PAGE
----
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About The frontier. (O'Neill City, Holt County, Neb.) 1880-1965 | View Entire Issue (July 17, 1924)
VOLUMN XLV. O’NEILL, NEBRASKA, THURSDAY, JULY 17, 1924. NO. 7.
Look at The Prices
Gillette and Ever-Ready Safety Razors. 49c
Large Aluminum Colanders.-.-. 49c
I Large Aluminum Kettle...... 89c
Aluminum Dish Pans........ 89c
Large Granite Wash Basins.:. 35c
Granite Tea Kettles........ 98c
Granite Dish Pans .... 49c
Aluminum Percolaters ....„. 79c
Aluminum Double Boilers. 98c
§ Round Aluminum Roasters.-..*. 89c
Aluminum Water Pitchers ..... 98c
Chocolate Candy, per pound.. 20c
BOWEN’S RACKET STORE
Banker Edward Adams was up from
Mrs. Henry Bay entertained the M.
Y. O. B. club at her home Tuesday
About three-fourths of an inch of
rain visited this section of the state
John Addison, of Mineola, was
in the city Tuesday looking after busi
Miss Opal Ashley and mother went
to Omaha this morning for a visit
with relatives and friends.
Mike Mullin was fined $5.00 and
costs Monday in Judge Enright’s court
for being under the inbuence of liquor.
C. J. Barnum and Attorney R. H.
Rice, of Neligh, were looking after
business matters in O’Neill Tuesday.
Robert Harris, of Lynch, was fined
$10.00 and costs on July 5th in Judge
Enright’s court. Young Harris was
charged with intoxication.
Mrs. Belle Ryan, of Superior, Wis
consin, was visiting with O’Neill rela
tives and friends during the home
coming July 3rd, 4th and 5th.
The following officers were installed
at a recent meeting of the Camp: C.
P., Lloyd Gillespie; S. W., W. C.
Templeton; J. W., Ira Moss; H. P.,
B. T. Winchell.
The Stuart Advocate, July 10: A
daughter was born to Mr. and Mrs.
Floyd Gardner, June 30, at the home
of Mrs. Gardner’s parents, Mr. and
Mrs. Bert Shearer.
Mr. M. Martin and granddaughter,
Mae Mozelle Martin, went to Neligh,
Wednesday, to visit a few days^at the
home of their daughter and "Aunt,
Mrs. S. O. Templin.
Mr. and Mrs. Kenneth Pound re
turned to their home in Blair, Ne
braska, on July 5th, following an ex
tended visit at the home of Mr. and
Mrs. C. E. Downey in this city.
Mrs. Earl Purcer arrived in O’Neill
last Friday, from Chicago for a visit
with her parents Mr. and Mrs. M. F.
Harrington. Mrs. Purcer will be re
membered as Miss Cleta Harrington.
Ewing Advocate, July 11: Miss
Sarah Cannon was taken suddenly ill
with appendicitis yesterday, and was
taken to Norfolk on the 10:40 train,
where she will undergo an operation.
The Ewing Advocate announces the
birth of a daughter to Mr. and Mrs.
Ira Jillson, of Dinuba, California,
Mrs. Jillson is the eldest daughter of
Mr. and Mrs. W. W. Bethea, of Ew
The Inman Leader of last week
stated that a family reunion would, be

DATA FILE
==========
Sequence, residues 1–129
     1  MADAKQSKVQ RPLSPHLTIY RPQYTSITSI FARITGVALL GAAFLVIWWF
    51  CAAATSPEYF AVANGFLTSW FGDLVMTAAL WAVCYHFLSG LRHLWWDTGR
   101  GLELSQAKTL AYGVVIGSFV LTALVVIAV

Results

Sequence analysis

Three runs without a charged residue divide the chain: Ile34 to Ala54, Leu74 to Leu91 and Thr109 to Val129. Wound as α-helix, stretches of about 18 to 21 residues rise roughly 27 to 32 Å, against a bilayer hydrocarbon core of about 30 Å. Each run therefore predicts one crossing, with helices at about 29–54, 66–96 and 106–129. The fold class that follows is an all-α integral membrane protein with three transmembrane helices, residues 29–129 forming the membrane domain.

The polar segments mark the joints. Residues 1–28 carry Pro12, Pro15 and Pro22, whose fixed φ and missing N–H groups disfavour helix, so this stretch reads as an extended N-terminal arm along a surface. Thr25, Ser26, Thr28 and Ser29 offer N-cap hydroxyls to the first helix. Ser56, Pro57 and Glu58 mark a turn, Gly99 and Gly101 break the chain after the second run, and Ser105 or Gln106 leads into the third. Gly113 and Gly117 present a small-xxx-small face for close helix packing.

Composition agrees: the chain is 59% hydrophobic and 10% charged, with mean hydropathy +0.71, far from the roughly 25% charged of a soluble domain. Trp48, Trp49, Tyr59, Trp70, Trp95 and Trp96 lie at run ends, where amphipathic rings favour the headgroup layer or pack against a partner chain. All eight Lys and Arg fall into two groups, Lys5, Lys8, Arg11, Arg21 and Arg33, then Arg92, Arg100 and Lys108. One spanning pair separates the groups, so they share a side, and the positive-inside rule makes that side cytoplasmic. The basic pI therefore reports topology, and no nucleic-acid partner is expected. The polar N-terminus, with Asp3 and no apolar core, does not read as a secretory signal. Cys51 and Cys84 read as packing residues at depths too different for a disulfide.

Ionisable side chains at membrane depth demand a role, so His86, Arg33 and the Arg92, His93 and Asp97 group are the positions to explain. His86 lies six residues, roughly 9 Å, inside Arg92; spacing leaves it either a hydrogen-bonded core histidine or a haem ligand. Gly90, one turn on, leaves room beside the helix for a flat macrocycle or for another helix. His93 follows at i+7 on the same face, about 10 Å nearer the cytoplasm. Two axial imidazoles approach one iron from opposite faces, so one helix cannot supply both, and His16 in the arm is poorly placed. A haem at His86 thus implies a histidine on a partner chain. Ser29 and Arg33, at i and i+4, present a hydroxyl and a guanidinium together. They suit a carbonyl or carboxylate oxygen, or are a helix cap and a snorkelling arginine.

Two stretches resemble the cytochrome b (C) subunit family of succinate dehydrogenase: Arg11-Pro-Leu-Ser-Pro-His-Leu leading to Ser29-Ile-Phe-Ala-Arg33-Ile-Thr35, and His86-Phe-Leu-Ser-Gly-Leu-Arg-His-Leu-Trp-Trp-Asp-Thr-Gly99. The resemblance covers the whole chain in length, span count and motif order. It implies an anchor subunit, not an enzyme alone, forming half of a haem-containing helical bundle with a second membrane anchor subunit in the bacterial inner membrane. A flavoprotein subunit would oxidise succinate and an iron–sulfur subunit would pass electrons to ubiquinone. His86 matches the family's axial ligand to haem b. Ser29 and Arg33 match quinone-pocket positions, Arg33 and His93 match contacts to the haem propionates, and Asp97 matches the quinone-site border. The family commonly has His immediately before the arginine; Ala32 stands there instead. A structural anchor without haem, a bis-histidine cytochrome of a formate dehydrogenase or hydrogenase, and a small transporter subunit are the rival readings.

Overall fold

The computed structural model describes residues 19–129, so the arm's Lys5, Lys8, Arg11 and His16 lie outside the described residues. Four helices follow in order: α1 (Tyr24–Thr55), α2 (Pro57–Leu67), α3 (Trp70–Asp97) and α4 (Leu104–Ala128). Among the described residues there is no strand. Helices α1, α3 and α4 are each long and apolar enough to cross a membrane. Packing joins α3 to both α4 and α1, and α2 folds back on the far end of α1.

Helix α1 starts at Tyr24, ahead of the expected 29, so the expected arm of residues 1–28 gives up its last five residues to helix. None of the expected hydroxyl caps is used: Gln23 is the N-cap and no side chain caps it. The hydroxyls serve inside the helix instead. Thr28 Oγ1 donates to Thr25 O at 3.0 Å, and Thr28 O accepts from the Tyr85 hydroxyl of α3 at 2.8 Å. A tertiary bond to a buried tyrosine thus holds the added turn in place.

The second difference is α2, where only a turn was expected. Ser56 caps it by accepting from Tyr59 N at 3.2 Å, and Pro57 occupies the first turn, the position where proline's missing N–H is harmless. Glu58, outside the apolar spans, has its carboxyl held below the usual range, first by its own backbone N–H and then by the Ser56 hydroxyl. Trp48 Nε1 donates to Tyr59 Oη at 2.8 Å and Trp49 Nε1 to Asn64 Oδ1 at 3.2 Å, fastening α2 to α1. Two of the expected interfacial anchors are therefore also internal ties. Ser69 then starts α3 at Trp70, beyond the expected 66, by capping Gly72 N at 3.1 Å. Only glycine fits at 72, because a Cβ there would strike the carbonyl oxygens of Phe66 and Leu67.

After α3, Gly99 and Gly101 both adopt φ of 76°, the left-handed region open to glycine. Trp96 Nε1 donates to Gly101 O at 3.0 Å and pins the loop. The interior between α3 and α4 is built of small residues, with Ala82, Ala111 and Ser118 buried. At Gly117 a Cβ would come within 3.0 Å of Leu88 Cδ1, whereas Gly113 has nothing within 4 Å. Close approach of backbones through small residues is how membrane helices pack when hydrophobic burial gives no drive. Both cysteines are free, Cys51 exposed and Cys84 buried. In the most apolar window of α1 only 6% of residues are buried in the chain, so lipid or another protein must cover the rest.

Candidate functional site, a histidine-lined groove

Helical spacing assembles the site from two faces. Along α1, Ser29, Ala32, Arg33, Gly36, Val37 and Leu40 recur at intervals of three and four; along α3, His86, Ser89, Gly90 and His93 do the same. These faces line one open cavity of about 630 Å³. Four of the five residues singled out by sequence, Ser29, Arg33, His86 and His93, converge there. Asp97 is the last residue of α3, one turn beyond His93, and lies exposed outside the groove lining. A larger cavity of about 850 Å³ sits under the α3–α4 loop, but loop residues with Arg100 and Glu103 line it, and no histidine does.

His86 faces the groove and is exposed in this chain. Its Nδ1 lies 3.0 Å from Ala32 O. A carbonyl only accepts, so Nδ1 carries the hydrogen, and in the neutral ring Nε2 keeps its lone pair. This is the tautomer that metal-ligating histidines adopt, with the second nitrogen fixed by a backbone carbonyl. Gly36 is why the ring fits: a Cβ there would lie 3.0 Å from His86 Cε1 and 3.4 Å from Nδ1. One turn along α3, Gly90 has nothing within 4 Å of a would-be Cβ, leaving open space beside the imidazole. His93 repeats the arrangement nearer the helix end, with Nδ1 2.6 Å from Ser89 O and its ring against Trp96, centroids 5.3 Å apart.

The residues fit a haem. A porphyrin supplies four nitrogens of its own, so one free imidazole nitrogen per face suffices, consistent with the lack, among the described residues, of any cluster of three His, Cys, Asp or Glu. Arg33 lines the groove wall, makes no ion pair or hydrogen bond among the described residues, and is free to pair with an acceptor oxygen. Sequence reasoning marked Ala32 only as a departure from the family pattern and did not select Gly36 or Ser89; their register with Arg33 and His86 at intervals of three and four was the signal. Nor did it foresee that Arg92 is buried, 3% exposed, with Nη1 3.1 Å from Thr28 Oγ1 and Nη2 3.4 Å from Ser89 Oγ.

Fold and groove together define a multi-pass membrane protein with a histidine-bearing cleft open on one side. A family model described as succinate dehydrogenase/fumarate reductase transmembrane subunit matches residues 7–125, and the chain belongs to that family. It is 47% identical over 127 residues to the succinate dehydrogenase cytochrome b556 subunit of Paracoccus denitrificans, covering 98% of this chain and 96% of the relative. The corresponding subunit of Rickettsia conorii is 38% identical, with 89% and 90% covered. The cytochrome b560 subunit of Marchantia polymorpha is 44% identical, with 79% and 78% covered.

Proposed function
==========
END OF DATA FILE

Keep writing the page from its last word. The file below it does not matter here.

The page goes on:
held last Sunday at the home of Mr,
and Mrs. Levi Garnet, at Inman, at
which time all of the children would be
Martin Wendel, an employee of the
Burlington bridge crew, was fined
$5.00 and trimmings in Judge En
right’s court last Monday morning.
Wendel is charged with absorbing too
Mr. and Mrs. Jerry Kirwin and
daughter, Miss Helen, and son John,
of Gross, Nebraska, were visiting
relatives in O’Neill last Monday. While
here John took the cream testers ex
Ms. Ruth Goree, of Long Pine, has
been visiting at the home of her
parents, Mr. and Mrs. L. A. Simonson,
for the past two weeks. Mr. and Mrs.
Simonson and Mrs. Goree drove to
Long Pine Tuesday.
John Burr arrived in O’Neill last
Saturday from Independence, Iowa,
and is visiting old friends and looking
after some business matters. John is
permanently located- at Independence
and says that he likes the town.
That the auto truck is fast taking
the place of the freight rain is force
ful brough to the attention of the pub
lic by the fact that 8000 head of hogs
were hauled by truck to Sioux City
last Tuesday, from surrounding towns.
Mr. and Mrs. Vernon Briggs and
children, who reside south of Bassett,
were guests of Mr. and Mrs. J. S. En
nis last Monday. They were on their
way to Creighton to visit at the- home
of Mrs. Brigg’s parents, Mr. and Mrs.
W. J. Hammond accompanied ■ by
Francis N. Cronin and Thomas Griffin
departed Tuesday morning for points
in northern Texas where he will look
after some legal business. The return
trip will be made by way of Denver
W. J. Coleman came down from
Valentine Tuesday and visited until
Wednesday morning at the home of
Mr. and Mrs. C. E. Downey. Miss
Ardis Downey returned home with
him for a vist with her sister, Mrs.
Inman Leader, July 10: Geo. Sum
mers, who lived near Inman a few years
ago with the Bertram family, and a
! brother of Mrs. George Rogers resid
ing south of Inman, committed suicide
last Thursday evening at the home of
his sister at Neligh by taking the con
tents of a two ounce bottle of car